Albert Vierheller, pioneering horticulturistA memorial service for Albert F. Vierheller, a retired horticultural specialist for the Cooperative Extension Service of the University of Maryland and an expert on fruit growing, will be held at 7:30 tonight at Riverdale Presbyterian Church in University Park.Mr. Vierheller, who was 98, lived in a nursing home in Lanham. He died June 5 of heart and lung ailments at Doctors Community Hospital of Prince George's County.He retired in 1960, having joined the University of Maryland faculty in 1921 as an instructor of World War I veterans.
FEATURES
By Liz Atwood, Special to The Baltimore Sun | July 13, 2011
Like many gardeners, Sally Barker didn't become interested in gardening until her kids were grown. When her boys left home about 15 years ago, she looked at her back yard and decided the skateboarding ramp would have to go and that it was time to tackle the tangle of vines and weeds. "We had to do a big clean," she says. Drawing inspiration from friends, she began her gardening adventure by planting a single Shasta viburnum. She was so pleased with the results, she kept digging and planting.
TRAVEL
By Susan Reimer and By Susan Reimer,SUN COLUMNIST | February 9, 2003
Just when it seems that winter will never end, when it seems as if the cold grayness will never lift and the world will never bloom again, then comes the Philadelphia Flower Show. For the past 174 years, the Pennsylvania Horticultural Society has been filling a cavernous arena in the city with millions of flowers, creating not just a late-winter oasis of greenery, but a magical place of beauty and imagination. "It is a spectacle," said Bartie Cole of Green-spring Valley, purveyor of an extraordinary garden of her own, who has been going to the flower show every year for more than a decade.
NEWS
By Ann Egerton and Ann Egerton,Special to the Sun | April 9, 2000
There are many ways to become a successful gardener. Find a mentor who will have the time and patience to teach you about such essentials as plants, soil, the effects of various kinds of weather on different plants, garden design, how to use color and texture in the garden, and much more. This will only take a lifetime, and your mentor might have other commitments. You can of course read books, but which ones? Garden clubs, if one invites you to join, are helpful too, but a thorough and focused way to learn about gardening is to join a horticultural society.
FEATURES
By Jill R. Yesko and Jill R. Yesko,Special to The Sun | March 6, 1994
Pennsylvanians were probably not surprised when Punxsatawney Phil, the forecasting groundhog, predicted another six weeks of wintry weather. However, spring is already in the air as the 165th edition of the Philadelphia Flower Show begins its weeklong run today. Sponsored by the Pennsylvania Horticultural Society, it is billed as the world's largest indoor garden show, with nearly 1,700 entries expected in 583 artistic and horticultural competitive classes.This year's show -- with its "Island in the Sun" theme -- is a lush creation of tropical floral vignettes.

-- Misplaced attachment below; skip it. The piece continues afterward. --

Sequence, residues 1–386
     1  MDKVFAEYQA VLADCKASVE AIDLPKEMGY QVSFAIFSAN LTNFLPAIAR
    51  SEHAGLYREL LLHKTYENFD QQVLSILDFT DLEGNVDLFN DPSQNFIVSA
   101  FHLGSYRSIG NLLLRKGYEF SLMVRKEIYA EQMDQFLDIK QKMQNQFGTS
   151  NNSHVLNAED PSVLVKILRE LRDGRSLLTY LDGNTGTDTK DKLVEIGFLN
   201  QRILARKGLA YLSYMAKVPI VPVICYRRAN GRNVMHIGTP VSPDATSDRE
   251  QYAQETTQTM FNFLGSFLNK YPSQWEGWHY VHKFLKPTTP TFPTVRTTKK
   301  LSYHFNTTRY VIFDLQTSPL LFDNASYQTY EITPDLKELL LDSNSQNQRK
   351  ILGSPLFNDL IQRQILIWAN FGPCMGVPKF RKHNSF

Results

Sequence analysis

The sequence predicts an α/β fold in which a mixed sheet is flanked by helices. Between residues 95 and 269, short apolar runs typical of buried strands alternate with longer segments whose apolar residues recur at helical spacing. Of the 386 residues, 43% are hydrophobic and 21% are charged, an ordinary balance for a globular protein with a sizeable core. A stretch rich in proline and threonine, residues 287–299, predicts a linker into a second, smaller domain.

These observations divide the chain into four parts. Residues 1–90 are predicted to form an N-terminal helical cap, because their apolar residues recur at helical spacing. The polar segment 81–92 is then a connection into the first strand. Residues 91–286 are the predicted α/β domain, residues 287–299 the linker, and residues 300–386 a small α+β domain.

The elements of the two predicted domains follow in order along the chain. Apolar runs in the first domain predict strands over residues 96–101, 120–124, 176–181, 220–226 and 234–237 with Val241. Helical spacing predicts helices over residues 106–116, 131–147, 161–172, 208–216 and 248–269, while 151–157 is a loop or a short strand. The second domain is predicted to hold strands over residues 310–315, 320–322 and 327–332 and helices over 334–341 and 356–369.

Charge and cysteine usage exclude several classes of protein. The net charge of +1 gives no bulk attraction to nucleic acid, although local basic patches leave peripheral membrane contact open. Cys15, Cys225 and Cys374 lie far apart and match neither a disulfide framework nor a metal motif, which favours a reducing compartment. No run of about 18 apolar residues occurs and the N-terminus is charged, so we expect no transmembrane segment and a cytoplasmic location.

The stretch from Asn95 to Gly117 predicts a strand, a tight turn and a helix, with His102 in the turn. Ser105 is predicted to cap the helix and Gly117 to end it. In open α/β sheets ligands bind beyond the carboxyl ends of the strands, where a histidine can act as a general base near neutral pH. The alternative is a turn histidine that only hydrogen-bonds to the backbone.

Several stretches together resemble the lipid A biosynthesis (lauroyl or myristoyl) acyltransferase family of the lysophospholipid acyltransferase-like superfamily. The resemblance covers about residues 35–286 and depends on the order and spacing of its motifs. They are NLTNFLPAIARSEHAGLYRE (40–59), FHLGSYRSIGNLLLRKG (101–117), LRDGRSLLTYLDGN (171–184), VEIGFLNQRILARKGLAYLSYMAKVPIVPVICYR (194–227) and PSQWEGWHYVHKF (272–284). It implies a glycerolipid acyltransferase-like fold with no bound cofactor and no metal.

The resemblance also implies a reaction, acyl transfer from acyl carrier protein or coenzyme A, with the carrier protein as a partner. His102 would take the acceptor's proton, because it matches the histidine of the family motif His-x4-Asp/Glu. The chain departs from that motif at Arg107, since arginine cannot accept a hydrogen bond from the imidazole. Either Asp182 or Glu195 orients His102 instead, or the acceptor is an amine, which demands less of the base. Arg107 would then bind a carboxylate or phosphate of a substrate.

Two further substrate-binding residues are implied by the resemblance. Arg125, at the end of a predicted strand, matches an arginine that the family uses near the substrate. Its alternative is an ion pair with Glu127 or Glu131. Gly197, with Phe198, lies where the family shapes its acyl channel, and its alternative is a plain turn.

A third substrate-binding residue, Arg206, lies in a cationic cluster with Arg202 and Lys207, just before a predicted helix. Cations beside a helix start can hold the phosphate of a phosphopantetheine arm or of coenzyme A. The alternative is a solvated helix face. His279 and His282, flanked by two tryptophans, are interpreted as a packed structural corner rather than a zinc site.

FEATURES
By New York Times News Service | November 15, 1992
Q: Six of us would like to rent a van for three weeks in Europe, visiting the Netherlands, Belgium, Luxembourg, France and Switzerland. Is a van available?A: Through one rental company or another, there are vans available in all the countries you plan to visit. For a party your size, a van that holds nine passengers would be most comfortable if you were taking luggage for all of you, rental companies say. When planning your trip, you might want to compare costs for picking up and dropping off a van in each of the countries.
NEWS
June 22, 1992
A memorial service for Albert F. Vierheller, a retired horticultural specialist for the Cooperative Extension Service of the University of Maryland and an expert on fruit growing, will be held at 7:30 tonight at Riverdale Presbyterian Church in University Park.Mr. Vierheller, who was 98, lived in a nursing home in Lanham. He died June 5 of heart and lung ailments at Doctors Community Hospital of Prince George's County.He retired in 1960, having joined the University of Maryland faculty in 1921 as an instructor of World War I veterans.
TRAVEL
By Susan Reimer and By Susan Reimer,SUN COLUMNIST | February 9, 2003
Just when it seems that winter will never end, when it seems as if the cold grayness will never lift and the world will never bloom again, then comes the Philadelphia Flower Show. For the past 174 years, the Pennsylvania Horticultural Society has been filling a cavernous arena in the city with millions of flowers, creating not just a late-winter oasis of greenery, but a magical place of beauty and imagination. "It is a spectacle," said Bartie Cole of Green-spring Valley, purveyor of an extraordinary garden of her own, who has been going to the flower show every year for more than a decade.
FEATURES
By Knight-Ridder Newspapers | May 19, 1992
A salmon pink rose has been named after Julie Andrews, who portrayed the flower seller Eliza Doolittle in the original stage production of "My Fair Lady."Ms. Andrews said yesterday she was "ever so flattered" to be honored at the Chelsea Flower Show in London, which opens today sponsored by the Royal Horticultural Society.Ms. Andrews, who attended a preview of the show, said $1.80 from each "Julie Andrews" rose sold will be given to the Julie Andrews Appeal to fight arterial disease.The show marks the beginning of the British social season.
NEWS
June 22, 1992
Albert Vierheller, pioneering horticulturistA memorial service for Albert F. Vierheller, a retired horticultural specialist for the Cooperative Extension Service of the University of Maryland and an expert on fruit growing, will be held at 7:30 tonight at Riverdale Presbyterian Church in University Park.Mr. Vierheller, who was 98, lived in a nursing home in Lanham. He died June 5 of heart and lung ailments at Doctors Community Hospital of Prince George's County.He retired in 1960, having joined the University of Maryland faculty in 1921 as an instructor of World War I veterans.